Since leaving Lebanon I have been following developments there with bated breath.
The continuing economic and fiscal meltdown and the ensuing riots I was expecting, but reading about the Lebanese Army putting its personnel on a vegetarian diet because of escalating meat prices I was not.
Meat-eating has long been associated with the military way of life. Musketeers in the early 19th century were allocated one pound of bread and one pound of meat daily. For many, this was such a rich diet that they made a few bob on the side selling some of the meat – there were chronic shortages at the time. And of course the term ‘Beefeaters’ is associated with the royal guard. To many of us, a vegetarian army strikes the same cord as an illiterate teaching force.
Give them credit for innovation, though – for USD150 they’ll give you a 15-min spin in an army chopper. I can just imagine a chopper crew going to the canteen one night: Hey, we made 600 bucks today, that should be worth a sausage or a meat patty.
Sausages and meat patties certainly aren’t on the menu for the 55% of the population who are on or below the poverty line. Nor are essential medicines. People are dying because of a lack of medications. Even if you have the money to pay for them, many drugs are simply not there to buy. Hospitals have cut back on surgery because anaesthetics are in short supply. A child on oxygen died because there was no electricity to operate the machine delivering the gas – fuel for the generators had run out.
It tore a piece out of my heart to see a video report showing people, both retirees and those still working – including professionals - queuing up at a soup kitchen run by an NGO. One of the secretaries at the university I worked at until last month told me about her husband having just retired and being paid out his pension funds in Liras that had lost 90% of their value. All they now had was her salary of one and a half million a month – 2 years ago that was USD1000, now it’s 100 and likely to drop more. And she’s well off compared with people who do jobs like pumping gas and collecting garbage who now have to make do on around 30 dollars a month.
Speaking of gas, the news has it that many taxis are now off the road. Taxis are, or were, used by many people as a form of public transport. Beirut’s Mercedes-Benz cabs, some going back half a century and more – I once had the pleasure of being driven in a 1956 Merc – are legendary, although most have since been replaced by more recent vehicles. Old or young, a car needs fuel to move and there us a shortage. Besides, many people can’t or won’t pay the fares the rise in which reflect the decline of the currency and the lifting of the fuel subsidy. One cabby I engaged a couple of days before flying out told me he had four sons who were now going hungry, and I believed him – his story is hardly unique.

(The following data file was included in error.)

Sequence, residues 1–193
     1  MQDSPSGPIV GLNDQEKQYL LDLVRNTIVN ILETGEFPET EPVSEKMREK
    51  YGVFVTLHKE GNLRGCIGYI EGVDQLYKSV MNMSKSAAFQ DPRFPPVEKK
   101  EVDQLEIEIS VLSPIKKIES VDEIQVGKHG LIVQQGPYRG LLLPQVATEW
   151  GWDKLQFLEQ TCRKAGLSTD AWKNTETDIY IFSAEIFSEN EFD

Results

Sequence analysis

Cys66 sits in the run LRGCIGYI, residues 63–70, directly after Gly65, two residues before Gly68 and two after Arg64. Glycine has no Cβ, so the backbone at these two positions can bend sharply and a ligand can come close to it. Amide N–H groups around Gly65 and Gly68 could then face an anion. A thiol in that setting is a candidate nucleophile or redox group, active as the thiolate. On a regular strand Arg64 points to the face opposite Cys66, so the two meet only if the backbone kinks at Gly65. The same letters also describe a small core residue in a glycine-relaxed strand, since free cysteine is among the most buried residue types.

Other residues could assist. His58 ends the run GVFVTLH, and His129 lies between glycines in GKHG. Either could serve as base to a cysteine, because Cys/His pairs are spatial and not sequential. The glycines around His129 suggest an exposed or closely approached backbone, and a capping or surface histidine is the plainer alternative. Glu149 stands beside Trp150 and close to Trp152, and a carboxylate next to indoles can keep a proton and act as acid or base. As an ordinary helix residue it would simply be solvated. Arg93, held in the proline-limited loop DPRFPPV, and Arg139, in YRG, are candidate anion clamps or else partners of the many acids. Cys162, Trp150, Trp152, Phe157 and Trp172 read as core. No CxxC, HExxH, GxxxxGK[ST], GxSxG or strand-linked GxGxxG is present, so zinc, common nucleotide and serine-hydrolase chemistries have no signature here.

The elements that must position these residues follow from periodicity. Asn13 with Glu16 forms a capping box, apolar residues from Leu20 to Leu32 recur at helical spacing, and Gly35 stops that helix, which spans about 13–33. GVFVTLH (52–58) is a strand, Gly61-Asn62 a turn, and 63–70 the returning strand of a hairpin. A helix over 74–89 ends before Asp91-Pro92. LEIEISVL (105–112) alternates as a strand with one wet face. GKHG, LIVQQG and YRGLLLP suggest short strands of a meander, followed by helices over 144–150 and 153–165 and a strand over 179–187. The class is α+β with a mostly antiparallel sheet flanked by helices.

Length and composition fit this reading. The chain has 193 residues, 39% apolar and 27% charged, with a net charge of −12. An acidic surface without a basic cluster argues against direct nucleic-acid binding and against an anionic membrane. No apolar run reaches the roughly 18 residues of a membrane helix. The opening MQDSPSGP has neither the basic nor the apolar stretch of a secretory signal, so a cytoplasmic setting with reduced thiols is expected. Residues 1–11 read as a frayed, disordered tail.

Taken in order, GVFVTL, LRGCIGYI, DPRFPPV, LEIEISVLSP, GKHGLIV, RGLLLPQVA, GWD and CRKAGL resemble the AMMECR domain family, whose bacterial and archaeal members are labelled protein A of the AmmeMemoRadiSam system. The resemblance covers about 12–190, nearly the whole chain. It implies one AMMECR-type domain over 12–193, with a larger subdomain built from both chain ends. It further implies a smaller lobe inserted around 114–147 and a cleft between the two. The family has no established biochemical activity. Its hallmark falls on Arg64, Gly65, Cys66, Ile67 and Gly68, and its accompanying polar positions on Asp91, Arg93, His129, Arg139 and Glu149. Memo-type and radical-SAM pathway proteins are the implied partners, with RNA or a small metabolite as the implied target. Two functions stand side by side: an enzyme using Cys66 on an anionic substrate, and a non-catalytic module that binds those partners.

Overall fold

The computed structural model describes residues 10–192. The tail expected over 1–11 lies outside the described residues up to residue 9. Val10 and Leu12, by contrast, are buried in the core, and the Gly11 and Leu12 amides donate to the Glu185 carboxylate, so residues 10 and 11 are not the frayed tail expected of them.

We – self and better half – are cooling our heels in the southern coastal city of Antalya in Turkey. Turkey operates a mixture of anti-pandemic measures. People coming in from Lebanon who have been vaccinated do not need a PCR test, for instance. That made me think. Why do people entering NZ need to undergo those 10 days of false imprisonment a.k.a. managed isolation if they have vaccination certificates? Doesn’t the NZ government trust the vaccines? We two don’t like vaccinations and have always resisted having them, but we’re pragmatists and if it were a matter of choosing between a jab and quarantine, we’d roll up our sleeves.
Letting vaccinated people off the managed isolation hook would presumably expedite matters for returnees. We have a travel agent in NZ working on our case and the best he can do is mid-October. It would have been quicker returning to NZ on a sailing ship in the late 19th century – and a lot more fun.
Barend Vlaardingerbroek BA BSc BEdSt PGDipLaws MAppSc PhD spent many years working at universities in PNG, Botswana and Lebanon. Feedback welcome at email@example.com